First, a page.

There are alternative problems that now must be solved; probably one that is important is why proteins are expressed differently in different cells of multicellular plants and animals. For example, why (in root cells) are chloroplast genes not generally expressed. They are still there; because it is known that often root cells can regenerate stem (and leaf) cells and the genes are then expressed. There is no reason to suspect that plants and animal regulate gene expression by the same mechanisms–they could have developed independently. Thus it could be that they have independently learned how to control genes. But perhaps they use the same method? But the main thing is that we need a method for understanding/describing this process–it is a major gap in our preset-day understanding.

A problem is that proteins evolve new catalytic functions, and this must be understood. We need to know much more about the principles of protein catalysis, it is not enough to say that ‘proteins catalyze’. Why do they? As we have seen, a given ‘gene’ might carry out function ‘A’, and then a copy (or duplicate) might evolve function ‘B’. Does any individual protein catalyze several reactions, and it is relatively easy to swap the main one? It is necessary to find out/work out much more about the reasons why protein evolution is so essential. There is recent work by Levin and Mishmar [6] that attempts just that.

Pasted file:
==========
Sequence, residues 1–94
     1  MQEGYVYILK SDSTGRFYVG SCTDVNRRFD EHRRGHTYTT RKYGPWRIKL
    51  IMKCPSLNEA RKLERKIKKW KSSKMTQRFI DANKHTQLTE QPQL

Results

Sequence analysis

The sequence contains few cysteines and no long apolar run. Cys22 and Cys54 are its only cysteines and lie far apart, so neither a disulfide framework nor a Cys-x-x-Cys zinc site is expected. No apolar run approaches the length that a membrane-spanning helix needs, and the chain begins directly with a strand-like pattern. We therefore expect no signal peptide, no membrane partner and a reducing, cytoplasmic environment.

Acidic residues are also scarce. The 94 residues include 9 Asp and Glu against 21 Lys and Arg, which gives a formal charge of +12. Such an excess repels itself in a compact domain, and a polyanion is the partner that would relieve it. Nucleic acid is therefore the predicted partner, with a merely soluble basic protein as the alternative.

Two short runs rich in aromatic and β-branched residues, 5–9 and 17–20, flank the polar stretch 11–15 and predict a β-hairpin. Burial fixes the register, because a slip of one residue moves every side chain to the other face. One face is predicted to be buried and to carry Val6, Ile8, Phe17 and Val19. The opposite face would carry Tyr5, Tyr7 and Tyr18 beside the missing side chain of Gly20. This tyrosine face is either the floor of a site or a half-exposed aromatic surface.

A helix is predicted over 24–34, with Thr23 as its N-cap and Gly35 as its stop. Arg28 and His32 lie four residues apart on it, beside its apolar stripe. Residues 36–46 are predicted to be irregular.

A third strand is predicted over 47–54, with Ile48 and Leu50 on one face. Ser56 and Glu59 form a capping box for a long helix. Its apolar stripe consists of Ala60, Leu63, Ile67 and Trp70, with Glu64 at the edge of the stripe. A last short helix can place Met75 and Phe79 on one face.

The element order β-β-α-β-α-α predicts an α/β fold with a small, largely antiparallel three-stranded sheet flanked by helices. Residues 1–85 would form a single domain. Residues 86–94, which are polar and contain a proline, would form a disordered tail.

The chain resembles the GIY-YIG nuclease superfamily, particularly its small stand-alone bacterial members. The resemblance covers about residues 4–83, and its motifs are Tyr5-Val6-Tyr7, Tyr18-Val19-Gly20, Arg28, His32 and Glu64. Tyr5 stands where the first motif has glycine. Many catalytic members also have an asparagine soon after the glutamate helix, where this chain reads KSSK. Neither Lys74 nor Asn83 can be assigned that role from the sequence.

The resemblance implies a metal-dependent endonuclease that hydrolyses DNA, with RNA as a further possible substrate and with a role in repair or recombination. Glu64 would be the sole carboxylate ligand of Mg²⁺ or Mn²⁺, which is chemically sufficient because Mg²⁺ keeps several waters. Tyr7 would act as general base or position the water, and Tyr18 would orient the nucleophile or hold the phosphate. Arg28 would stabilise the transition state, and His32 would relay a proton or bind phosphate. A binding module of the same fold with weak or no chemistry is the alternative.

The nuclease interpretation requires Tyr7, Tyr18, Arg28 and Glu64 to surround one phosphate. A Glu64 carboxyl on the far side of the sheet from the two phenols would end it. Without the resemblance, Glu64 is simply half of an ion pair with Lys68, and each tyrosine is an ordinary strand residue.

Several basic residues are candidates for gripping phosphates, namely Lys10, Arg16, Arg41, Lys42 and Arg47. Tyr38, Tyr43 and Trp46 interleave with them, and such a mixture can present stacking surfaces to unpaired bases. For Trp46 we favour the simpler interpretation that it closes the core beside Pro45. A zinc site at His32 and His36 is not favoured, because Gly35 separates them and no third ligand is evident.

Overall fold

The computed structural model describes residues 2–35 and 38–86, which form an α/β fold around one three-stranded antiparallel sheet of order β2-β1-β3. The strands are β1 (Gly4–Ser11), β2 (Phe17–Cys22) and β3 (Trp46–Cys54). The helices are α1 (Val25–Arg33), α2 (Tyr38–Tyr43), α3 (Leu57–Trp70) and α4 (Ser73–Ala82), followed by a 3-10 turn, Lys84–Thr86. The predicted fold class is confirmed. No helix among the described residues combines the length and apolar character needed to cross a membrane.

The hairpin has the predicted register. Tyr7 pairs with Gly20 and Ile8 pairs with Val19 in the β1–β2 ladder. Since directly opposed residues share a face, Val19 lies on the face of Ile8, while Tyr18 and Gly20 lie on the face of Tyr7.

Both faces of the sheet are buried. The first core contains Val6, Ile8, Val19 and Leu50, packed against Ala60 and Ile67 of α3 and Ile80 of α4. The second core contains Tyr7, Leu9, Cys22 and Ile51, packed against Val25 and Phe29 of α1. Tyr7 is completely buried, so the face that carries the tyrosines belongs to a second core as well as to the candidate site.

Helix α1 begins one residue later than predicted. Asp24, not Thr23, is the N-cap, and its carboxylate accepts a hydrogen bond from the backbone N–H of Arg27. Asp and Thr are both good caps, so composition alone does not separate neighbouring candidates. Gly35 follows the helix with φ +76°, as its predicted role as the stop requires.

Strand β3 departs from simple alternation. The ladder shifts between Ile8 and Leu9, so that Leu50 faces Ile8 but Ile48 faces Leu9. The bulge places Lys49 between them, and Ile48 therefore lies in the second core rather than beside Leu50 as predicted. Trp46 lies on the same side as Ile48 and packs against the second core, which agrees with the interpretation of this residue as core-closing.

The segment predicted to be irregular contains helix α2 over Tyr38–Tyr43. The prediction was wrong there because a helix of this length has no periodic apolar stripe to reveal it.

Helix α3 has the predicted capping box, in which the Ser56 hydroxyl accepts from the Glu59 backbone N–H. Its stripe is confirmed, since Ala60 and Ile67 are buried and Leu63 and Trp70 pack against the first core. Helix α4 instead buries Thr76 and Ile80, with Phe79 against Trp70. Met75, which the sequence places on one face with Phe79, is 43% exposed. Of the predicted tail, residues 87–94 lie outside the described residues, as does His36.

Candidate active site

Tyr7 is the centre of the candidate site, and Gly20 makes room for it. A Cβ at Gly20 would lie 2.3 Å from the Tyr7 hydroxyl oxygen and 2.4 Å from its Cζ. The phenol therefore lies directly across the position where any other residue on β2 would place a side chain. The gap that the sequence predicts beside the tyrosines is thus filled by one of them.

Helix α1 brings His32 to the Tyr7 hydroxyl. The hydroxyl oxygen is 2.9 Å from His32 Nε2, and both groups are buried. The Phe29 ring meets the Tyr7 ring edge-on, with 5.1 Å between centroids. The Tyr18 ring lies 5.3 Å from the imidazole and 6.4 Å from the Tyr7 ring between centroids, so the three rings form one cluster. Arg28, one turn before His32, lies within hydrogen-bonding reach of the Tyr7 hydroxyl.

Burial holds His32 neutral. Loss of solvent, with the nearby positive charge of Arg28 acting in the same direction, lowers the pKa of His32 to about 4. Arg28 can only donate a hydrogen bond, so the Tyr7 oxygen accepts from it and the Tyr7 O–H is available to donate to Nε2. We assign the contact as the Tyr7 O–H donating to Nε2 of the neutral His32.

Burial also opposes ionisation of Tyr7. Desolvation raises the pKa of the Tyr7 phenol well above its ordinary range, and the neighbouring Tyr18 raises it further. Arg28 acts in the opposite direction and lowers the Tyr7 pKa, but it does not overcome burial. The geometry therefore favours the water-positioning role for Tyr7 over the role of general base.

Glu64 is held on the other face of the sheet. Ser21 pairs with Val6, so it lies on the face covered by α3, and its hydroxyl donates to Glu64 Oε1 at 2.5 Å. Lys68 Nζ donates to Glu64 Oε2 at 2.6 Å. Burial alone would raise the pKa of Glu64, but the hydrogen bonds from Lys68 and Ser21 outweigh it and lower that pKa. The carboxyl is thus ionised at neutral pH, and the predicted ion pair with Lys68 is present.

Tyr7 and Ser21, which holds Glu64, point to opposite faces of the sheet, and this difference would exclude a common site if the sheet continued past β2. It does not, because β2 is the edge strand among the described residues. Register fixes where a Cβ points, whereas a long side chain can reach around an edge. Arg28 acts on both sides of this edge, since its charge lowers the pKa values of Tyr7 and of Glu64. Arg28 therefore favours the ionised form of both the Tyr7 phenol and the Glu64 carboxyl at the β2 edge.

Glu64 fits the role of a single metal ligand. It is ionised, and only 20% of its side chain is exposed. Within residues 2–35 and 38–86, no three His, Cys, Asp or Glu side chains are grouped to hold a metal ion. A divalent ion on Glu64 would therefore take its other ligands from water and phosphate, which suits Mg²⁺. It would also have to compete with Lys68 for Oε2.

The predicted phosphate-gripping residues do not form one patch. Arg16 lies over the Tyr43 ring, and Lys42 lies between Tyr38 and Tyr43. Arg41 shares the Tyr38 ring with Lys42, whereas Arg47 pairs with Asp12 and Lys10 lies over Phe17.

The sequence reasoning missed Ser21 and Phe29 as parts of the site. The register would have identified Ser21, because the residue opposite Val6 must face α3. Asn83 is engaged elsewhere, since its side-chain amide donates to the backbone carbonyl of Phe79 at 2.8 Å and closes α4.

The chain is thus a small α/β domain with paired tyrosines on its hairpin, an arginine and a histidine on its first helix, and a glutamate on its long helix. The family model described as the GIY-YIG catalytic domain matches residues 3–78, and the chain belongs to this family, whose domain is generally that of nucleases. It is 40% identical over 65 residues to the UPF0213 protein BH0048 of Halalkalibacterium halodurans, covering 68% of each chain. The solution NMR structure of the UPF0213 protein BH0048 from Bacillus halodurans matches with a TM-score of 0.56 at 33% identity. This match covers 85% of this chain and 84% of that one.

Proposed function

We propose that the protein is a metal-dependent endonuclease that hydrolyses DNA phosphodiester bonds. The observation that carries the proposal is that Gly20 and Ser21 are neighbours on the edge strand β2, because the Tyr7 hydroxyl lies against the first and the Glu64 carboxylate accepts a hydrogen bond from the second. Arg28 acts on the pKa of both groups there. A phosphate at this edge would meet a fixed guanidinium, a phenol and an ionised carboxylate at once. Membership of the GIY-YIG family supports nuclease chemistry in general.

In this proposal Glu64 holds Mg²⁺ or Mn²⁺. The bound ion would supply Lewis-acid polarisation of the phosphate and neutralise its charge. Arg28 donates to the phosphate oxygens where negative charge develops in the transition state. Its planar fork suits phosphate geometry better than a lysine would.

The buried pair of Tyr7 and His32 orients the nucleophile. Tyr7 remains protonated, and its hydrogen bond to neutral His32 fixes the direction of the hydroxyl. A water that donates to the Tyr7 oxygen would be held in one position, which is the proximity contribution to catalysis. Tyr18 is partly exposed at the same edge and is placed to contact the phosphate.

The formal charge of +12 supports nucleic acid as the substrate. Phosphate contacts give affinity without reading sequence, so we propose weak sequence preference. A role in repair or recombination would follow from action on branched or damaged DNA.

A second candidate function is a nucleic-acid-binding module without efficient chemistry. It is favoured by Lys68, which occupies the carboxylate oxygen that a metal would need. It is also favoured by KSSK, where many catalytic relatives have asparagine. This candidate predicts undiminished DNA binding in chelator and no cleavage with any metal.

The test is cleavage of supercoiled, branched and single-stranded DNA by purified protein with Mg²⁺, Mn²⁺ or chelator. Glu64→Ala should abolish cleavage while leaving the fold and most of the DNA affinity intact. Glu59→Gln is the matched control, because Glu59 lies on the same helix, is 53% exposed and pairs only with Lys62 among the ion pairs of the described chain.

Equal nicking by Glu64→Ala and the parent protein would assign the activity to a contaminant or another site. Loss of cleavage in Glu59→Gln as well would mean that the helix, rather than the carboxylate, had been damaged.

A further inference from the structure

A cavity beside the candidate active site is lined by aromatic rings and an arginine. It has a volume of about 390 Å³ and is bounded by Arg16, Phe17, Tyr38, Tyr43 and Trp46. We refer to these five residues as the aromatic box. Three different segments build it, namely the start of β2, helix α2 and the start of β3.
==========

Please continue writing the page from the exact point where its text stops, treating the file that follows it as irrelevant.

The main point about this note/letter is that we need to go beyond just the structure of proteins, and work on catalysis and regulation of gene levels. These are important principles here. There is no reason to suppose that we have a full understanding at present of gene function and regulation and catalysis–we must expect to understand more fully on the future about a number of things, this is an essential part of protein evolution.

Overall, this is a very optimistic view, because there is so much to learn. I grew up, and did my undergraduate degree, at a university where the philosopher of science Karl Popper had taught for a number of years [7]. Although he had taught philosophy, had had had a profound effect on the scientists there, so this very Popperian view is optimistic for the future-we have very much more still to learn. This is good news for future work–there is much more to learn.

References

Citation: Penny D (2017) We Need More Information on Proteins, Regulation and Catalysis. Arch Surg Oncol 3: 129. Doi: 10.4172/2471-2671.1000129

Copyright: © 2017 Penny D. This is an open-access article distributed under the terms of the Creative Commons Attribution License, which permits unrestricted use, distribution, and reproduction in any medium, provided the original author and source are credited.